A CNRS research director at the Centre for the Sociology of Organizations, Olivier Borraz conducts research on risk governance. Initially focused on environmental and health issues, his research has expanded to cover risk regulation policies. Here he provides an analysis of the risks affecting megalopolises and calls for increased awareness of the fact that public policies themselves can generate risks.M
etropolises are unsurprisingly exposed to many risks. An extreme concentration of populations combines with economic and social inequalities, with major flows of goods and people that course through the cities daily and with interdependent technical networks, to create vulnerability to disruptions resulting from natural, technical or manmade hazards.
Limited prevention and management mechanisms
These disruptions can be contained through social structures and forms of solidarity that form to manage incidents. They can also be circumscribed through the implementation of backup infrastructure to ensure continuous water and energy supplies, for example.
This is referred to as resilience, a notion that is highly ambiguous and most often used to make risks palatable rather than to truly address their causes. But sometimes these disruptions overwhelm the capacities of territories that cannot halt the occurrence of a disaster.
The importance of a global political vision
Risks of urban catastrophe are defined by the confluence of a hazard and vulnerability. When geographers introduced this definition in the 1980s the idea was to show that the vulnerability of urban regions is not only tied to geophysical and demographic variables, but also stems from political choices in urban planning: be it the provision of public services, the organization of networks (transportation, electricity, water, waste), the priority accorded to the central neighborhoods home to most economic and touristic activities, or the relegation of poor populations to peripheral zones exposed to natural hazards (flooding, landslides). This research also shows that despite the concentration of risks in certain populations, catastrophes have the unfortunate tendency of producing effects throughout the urban region, simply because it remains a system of complex interdependencies wherein parts cannot easily be isolated from the whole.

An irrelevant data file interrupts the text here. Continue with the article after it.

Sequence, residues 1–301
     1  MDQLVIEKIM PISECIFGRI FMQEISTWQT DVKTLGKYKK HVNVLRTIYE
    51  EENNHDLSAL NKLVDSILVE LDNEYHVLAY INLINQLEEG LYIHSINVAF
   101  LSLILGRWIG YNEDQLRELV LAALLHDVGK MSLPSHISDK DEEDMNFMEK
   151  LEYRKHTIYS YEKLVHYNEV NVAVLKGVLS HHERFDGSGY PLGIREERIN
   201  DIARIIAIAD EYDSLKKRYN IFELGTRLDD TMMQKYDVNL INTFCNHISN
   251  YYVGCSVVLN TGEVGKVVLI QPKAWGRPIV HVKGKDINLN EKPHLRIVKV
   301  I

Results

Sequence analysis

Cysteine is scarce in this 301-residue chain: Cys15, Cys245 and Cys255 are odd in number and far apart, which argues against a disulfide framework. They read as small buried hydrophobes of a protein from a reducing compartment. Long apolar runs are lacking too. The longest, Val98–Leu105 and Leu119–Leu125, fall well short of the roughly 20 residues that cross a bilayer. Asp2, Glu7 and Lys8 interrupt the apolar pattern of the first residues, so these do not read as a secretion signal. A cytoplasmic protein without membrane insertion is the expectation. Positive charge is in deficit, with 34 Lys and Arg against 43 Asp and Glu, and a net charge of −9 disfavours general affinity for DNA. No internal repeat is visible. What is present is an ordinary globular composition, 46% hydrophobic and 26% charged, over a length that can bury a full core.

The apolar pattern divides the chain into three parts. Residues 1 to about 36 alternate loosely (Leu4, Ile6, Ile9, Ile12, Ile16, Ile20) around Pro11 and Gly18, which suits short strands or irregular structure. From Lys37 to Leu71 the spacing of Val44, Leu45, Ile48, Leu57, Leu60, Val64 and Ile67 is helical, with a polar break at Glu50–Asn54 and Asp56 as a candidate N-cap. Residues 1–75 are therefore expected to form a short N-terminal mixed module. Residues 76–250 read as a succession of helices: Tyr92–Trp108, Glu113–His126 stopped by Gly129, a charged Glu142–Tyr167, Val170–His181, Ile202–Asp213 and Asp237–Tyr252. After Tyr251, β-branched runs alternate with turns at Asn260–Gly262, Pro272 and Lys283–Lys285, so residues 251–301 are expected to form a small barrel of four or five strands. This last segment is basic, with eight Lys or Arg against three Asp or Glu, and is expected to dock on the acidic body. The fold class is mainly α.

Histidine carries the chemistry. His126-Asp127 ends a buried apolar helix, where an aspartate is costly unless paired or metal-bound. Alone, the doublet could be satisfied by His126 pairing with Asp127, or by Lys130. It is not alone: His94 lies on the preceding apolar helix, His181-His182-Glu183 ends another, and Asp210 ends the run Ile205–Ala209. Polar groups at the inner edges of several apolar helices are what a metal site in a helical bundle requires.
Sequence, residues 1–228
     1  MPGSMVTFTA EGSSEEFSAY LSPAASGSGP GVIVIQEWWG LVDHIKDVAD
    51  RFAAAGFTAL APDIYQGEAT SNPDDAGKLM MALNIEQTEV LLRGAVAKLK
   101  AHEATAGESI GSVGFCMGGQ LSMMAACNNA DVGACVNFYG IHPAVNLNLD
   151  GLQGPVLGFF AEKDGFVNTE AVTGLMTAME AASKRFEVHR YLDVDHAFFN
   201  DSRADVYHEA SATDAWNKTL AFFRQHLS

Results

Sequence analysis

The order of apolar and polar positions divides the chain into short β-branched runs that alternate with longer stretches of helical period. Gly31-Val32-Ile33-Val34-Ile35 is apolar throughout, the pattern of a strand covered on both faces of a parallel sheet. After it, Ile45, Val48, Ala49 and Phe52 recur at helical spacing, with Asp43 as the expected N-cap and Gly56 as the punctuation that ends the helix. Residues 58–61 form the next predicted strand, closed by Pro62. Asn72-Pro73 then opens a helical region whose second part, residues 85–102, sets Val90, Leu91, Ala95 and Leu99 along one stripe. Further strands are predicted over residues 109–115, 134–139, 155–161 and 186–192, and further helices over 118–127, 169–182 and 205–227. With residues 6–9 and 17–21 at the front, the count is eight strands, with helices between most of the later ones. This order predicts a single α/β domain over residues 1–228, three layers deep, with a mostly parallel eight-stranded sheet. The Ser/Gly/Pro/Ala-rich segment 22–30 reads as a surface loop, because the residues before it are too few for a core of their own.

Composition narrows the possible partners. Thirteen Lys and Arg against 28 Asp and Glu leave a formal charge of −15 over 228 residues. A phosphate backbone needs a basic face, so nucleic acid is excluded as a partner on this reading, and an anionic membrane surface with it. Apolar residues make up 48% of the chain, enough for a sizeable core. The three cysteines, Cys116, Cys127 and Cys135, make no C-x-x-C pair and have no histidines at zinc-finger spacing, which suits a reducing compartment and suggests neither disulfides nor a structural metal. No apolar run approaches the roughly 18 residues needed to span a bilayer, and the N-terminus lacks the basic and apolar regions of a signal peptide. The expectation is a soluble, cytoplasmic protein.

Invisible daily risks
However, this definition needs to be complemented in two ways. By emphasizing catastrophes, other, more discrete phenomena – malnutrition, violence, recurring small fires, disease, road accidents, etc. – remain invisible. While catastrophes capture the public imagination by their suddenness and impact, the most significant health and social consequences of the development of megalopolises come in the form of ordinary risks that do not attract the attention of the media or of policymakers. Thus, risks accumulate, with the poorest populations exposed on a daily basis to a host of dangers that, in the aggregate, compound their vulnerability and create one of the defining characterisitics of these megalopolises.
When cities generate their own risks
It is generally agreed that hazards have an exogenous origin – a virus, terrorism, an earthquake – which enables the attribution of responsibility for its occurrence elsewhere. However, their origin can also be tied to endogenous processes in urban development. For example, the proximity of intensive poultry and pork farms to extremely dense urban zones in Southeast Asia increases the chances of the emergence of an influenza pandemic; wealth inequality in African and Latin American cities and the forms of political violence to which they can be conducive; and the increasingly well-documented health effects of air pollution in the megalopolises.
Understanding the risks of megalopolises requires an exploration of the political choices that feed into their vulnerability and a focus on their responsibility and role in the emergence of hazards.
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